Articles Tagged ‘civil society - Sayoni’

Advancing Our Rights in ASEAN

[Photo by Rainbow Rights Project]

Sayoni is participating in the ASEAN Civil Society Conference, or ASEAN People’s Forum, again this year – this time in Yangon, Myanmar. It’s a huge civil society gathering, larger than before, with some putting the numbers at 1800 activists from all over ASEAN.

In the words of ACSC/APF,

Every year before the ASEAN Summit, a conference known as the ASEAN Civil Society Conference/ASEAN People’s Forum (ACSC/APF) is held independently, paralleled to the official ASEAN Summit. Myanmar’s bid for the rotating ASEAN chair was granted, so it is responsible as well to host the ASEAN People’s Forum where hundreds of civil society actors from the ASEAN region will gather to represent voices of civil societies.

This year’s theme is “Advancing ASEAN Peoples’ Solidarity towards Sustainable Peace, Development, Justice and Democratization and address issues around Peace; Justice and Human Rights; Development and Democratization; and ASEAN.”

AWARE Roundtable on SOGI Issues

AWAREposted a good overview of recent changes in the Asian LGBT landscape over the past few months. It included some info from a roundtable discussion held on Aug 16 where Sayoni's Jean Chong and Kelly Then spoke.

Here are some relevant parts, but I recommend reading the entire post.

From Beyond 377A:

Pressure from prevailing social attitudes are not countered by any significant State support. While there is no data for Singapore, the worldwide rates of depression, substance abuse and suicide are higher for LGBT youths; they are often teased and bullied in school because of their perceived sexual orientation and gender identity. There is no information on safe sex for gay teens in the current sex education syllabus, and no state-sponsored institutions that have expertise in providing counselling for those grappling with LGBT issues.

Jean also mentioned that a study that has shown that many gay people go back into the closet when they grow old, because old folks’ homes are not open to the idea of same-sex relationships.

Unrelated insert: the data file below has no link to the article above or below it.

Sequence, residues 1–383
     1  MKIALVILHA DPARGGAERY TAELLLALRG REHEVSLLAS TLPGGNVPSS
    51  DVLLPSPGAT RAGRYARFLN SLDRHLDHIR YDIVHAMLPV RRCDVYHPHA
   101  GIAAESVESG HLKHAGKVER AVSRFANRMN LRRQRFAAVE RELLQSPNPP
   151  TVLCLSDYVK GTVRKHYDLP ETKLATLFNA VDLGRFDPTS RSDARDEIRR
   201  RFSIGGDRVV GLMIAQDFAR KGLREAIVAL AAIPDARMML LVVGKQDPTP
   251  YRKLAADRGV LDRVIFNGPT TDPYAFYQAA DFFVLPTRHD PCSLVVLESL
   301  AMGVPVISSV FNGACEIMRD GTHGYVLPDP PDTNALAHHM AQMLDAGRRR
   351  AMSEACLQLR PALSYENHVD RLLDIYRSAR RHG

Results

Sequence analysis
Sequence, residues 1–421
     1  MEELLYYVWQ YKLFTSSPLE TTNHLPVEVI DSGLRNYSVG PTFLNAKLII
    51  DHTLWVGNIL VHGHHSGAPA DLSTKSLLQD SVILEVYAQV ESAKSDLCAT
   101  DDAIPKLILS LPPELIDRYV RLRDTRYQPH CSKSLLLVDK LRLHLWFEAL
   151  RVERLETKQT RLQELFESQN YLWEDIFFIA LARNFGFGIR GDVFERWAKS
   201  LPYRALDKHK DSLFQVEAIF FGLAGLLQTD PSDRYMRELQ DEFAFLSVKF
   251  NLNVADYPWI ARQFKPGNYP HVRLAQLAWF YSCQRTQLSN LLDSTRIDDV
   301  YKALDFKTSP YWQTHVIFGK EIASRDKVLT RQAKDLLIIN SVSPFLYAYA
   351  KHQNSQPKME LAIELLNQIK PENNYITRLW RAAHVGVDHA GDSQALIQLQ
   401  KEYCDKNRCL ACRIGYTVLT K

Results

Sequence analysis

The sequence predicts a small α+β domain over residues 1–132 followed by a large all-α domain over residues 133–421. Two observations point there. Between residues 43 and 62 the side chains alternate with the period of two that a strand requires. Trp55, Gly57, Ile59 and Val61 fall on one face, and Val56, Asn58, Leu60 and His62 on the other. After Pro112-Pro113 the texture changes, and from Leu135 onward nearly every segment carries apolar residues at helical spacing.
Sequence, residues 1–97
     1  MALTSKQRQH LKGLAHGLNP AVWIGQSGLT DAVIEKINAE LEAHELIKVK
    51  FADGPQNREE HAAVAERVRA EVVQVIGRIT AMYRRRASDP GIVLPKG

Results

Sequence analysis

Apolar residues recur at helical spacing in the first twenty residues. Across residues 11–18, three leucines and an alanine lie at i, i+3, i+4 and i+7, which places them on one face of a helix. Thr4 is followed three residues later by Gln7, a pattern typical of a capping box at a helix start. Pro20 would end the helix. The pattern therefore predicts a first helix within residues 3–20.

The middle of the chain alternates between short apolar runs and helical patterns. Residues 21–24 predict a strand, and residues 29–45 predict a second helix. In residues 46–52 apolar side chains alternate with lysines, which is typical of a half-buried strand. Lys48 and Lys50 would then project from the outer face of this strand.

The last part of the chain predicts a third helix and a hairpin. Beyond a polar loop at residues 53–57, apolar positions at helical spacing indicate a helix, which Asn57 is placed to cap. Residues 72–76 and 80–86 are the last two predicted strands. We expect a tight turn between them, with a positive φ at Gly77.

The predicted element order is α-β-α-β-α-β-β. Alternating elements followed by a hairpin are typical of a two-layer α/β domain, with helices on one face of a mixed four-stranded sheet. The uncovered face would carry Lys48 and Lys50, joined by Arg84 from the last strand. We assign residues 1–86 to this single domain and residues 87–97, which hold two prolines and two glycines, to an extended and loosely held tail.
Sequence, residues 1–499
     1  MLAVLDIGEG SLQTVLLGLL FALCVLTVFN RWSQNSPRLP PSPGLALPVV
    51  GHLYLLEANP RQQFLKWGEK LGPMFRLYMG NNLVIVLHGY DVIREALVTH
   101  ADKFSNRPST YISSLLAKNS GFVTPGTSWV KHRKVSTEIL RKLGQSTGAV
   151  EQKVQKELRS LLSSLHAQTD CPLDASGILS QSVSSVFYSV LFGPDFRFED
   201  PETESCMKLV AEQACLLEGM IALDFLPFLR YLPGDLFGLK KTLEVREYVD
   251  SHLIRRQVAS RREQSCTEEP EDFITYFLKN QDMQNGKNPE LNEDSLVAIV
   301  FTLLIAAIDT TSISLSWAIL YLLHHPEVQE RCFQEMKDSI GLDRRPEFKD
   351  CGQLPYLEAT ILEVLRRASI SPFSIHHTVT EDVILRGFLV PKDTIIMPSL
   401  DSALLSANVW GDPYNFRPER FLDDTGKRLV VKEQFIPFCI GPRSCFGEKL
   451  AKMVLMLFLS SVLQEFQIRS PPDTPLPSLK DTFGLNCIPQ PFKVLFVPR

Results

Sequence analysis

In the absence of decriminalization and State recognition, it is therefore crucial to include LGBT perspectives in areas such as research, advocacy, and social services, said Kelly. These include the Convention On The Elimination Of All Forms Of Discrimination Against Women (CEDAW), sex education, maternal and paternal leave, violence in relationships, singles, de facto relationships (where couples may cohabit for extended periods but not marry), ageing, poverty, and sexual harassment – all issues that impact the LGBT community.

How do you think our invisibility in the state mechanism affects you personally?

Our CEDAW journey - Oral Statement to CEDAW committee on the 18th of July




Editor's note: This is the oral statement by Sayoni, delivered by Kelly, before the UN last week. Our team has completed their duties at CEDAW, and we await their return from New York so that we can congratulate them on a job well done.


Madam Chair,

I am from Sayoni and represent women in Singapore on sexual orientation and gender identity. The State has said that there is no discrimination against homosexuals in Singapore. Our research and experience show otherwise. The most pressing issues are:

In the Law

Legislation inherited from the British criminalises sexual intercourse between men. This criminalisation sets the stage and cascades. It condones discrimination against lesbian, bisexual and transgender women, and it prevents equality of access, opportunities and outcomes for us in public policy.

Sayoni at 2015 ILGA-Asia Conference

sayoni at ilga-asia conference

Several Sayoni volunteers attended the 2015 ILGA-Asia regional conference held in Taipei, Taiwan, from 28-30 October this year. Besides learning from other Asian activists at the formal sessions, we also took the opportunity to share strategies and ideas in informal settings. This year's conference coincided with Taipei's 2015 Pride Parade, the largest pride march in the region.

It was the first time that this lesbian, gay, bisexual, transgender, intersex and queer (LGBTIQ) conference was held in Taiwan. Co-organised by the Taiwan Tongzhi Hotline Association, the conference saw 300 activists from 30 countries, including Bangladesh, Nepal, Pakistan, China, Malaysia and Singapore. Over a period of three days, activists held talks and workshops about the work they were doing within their organisations and regionally.

Sayoni at ILGA-Asia Conference 2019

ilga asia conference 2019 1

On 19th to 23rd August 2019, Sayoni attended the ILGA Asia Regional Conference held in Seoul, South Korea. This year, the conference focused on the theme of "Building Alliances to Strengthen the Community", which saw over 300 participants from 30 countries, including Lebanon, China, the Philippines, Indonesia and Singapore. It was the first time I attended a lesbian, gay, bisexual, transgender, intersex and queer (LGBTIQ) conference, and it was undoubtedly an inspiring and exciting experience.

ilga asia conference 2019 2